Herald investigation: Airman's parents seek options from Civil Aviation and Crown Law on deadly crash
The parents of one of the airmen killed in the Anzac Day helicopter crash are getting official advice on how to make the air force accountable.
Corporal Ben Carson's parents, Andrew and Pauline, said they planned a formal complaint to the police if there was no clear path to prosecuting the Royal New Zealand Air Force on health and safety failings.
It has emerged the senior health and safety official who investigated the Pike River tragedy has become involved in the aftermath of the Anzac Day 2010 crash. Three people were killed in the crash, which was found to be preventable. The fourth crew member is preparing to sue the air force over safety failings.
Ministry of Business Innovation and Employment services manager Brett Murray headed the investigation which led to 21 charges being laid against executives at Pike River Coal.
The ministry said he had been dealing with two of the families affected by the crash - the Carsons and the parents of the critically injured survivor, Stevin Creeggan.
The Herald understands he has also sought advice from the Civil Aviation Authority and from the Crown Law Office.
The Carsons and the Creeggans are due to meet Mr Murray and the CAA later this month. Mr Carson said the meeting was to "spell out our options to get a prosecution".
"The only way it will change is if people get charged. The people responsible for this have to be held responsible."
The involvement of the two civilian agencies will ratchet up pressure on the air force, which now faces an independent inquiry into safety and organisational changes recommended after a damning crash investigation.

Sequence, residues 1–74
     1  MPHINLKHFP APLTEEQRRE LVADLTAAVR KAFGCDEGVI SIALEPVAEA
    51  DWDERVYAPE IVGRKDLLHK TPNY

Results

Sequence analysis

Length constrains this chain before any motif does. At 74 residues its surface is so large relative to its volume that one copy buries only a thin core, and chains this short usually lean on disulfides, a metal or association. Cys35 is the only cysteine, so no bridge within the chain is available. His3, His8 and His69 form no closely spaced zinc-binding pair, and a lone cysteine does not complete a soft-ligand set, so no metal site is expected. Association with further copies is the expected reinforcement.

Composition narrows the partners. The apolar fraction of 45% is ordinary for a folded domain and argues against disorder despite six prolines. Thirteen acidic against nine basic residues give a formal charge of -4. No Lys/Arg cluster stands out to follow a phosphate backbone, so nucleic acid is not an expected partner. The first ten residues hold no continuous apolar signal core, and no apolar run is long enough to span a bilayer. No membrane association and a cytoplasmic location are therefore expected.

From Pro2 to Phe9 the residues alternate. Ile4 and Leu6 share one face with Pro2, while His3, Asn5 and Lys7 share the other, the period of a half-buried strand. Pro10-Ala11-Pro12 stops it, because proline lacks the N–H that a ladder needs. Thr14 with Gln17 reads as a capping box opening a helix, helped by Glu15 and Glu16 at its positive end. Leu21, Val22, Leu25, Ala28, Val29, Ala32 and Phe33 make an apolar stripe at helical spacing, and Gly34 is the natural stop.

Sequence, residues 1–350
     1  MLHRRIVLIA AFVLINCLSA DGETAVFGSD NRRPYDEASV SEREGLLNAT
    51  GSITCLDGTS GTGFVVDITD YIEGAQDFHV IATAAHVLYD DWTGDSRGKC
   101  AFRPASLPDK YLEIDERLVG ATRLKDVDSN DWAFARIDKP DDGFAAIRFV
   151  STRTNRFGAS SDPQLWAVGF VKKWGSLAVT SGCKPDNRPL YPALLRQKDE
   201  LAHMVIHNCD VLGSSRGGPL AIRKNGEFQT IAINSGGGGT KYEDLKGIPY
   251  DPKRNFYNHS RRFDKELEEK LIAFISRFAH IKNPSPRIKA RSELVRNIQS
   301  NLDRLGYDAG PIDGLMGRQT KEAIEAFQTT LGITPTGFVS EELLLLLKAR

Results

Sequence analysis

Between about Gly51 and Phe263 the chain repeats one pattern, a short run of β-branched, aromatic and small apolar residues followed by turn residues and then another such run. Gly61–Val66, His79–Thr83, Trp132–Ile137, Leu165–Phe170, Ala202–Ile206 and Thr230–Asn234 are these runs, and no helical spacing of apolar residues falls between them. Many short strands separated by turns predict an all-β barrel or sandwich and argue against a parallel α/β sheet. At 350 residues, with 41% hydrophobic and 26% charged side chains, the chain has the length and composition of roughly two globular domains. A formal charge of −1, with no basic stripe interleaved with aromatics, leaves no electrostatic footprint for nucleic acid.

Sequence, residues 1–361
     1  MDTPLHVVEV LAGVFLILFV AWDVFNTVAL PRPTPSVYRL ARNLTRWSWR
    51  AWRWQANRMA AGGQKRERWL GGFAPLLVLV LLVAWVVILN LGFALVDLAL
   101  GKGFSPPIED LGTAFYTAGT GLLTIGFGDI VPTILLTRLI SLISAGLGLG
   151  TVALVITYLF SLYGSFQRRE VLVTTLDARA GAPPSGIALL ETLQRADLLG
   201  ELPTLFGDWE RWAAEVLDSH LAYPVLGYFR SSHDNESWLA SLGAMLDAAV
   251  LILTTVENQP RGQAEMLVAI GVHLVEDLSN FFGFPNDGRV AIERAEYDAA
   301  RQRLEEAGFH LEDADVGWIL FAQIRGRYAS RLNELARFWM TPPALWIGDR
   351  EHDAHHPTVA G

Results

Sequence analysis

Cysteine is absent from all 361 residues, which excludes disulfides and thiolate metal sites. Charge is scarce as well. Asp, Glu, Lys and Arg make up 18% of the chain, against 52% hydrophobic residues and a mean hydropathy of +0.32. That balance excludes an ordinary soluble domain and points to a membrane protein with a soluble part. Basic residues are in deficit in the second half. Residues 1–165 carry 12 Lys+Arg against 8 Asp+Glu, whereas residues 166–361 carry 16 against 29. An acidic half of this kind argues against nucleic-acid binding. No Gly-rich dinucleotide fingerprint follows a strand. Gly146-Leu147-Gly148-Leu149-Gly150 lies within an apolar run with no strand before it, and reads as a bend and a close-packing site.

The inquiry came as a Herald investigation showed the air force had been warned before the accident that practices at 3 Squadron could lead to a fatal accident.
It is understood the inquiry will consider the changes made since the crash investigation showed the air force's safety record was in tatters and command lines tangled.
The inquiry is also believed to go further, examining whether the New Zealand Defence Force should still be allowed to investigate its own fatal accidents or if permanent external oversight is required.
Defence Minister Jonathan Coleman said the scale of problems in the air force had led him to ask defence force chief Lieutenant General Richard Rhys Jones to identify "systemic risks across the broader NZDF".
He said he had also sought assurances from the air force because the crash investigation showed problems existed beyond 3 Squadron.
He said he was told everything had been done to "to address the systemic deficiencies, not just with the helicopter squadron but across the entire air force".
The air force has just completed its own inquiry into whether anyone should be prosecuted over the accident - 29 months after the crash. The findings are now with Crown Law.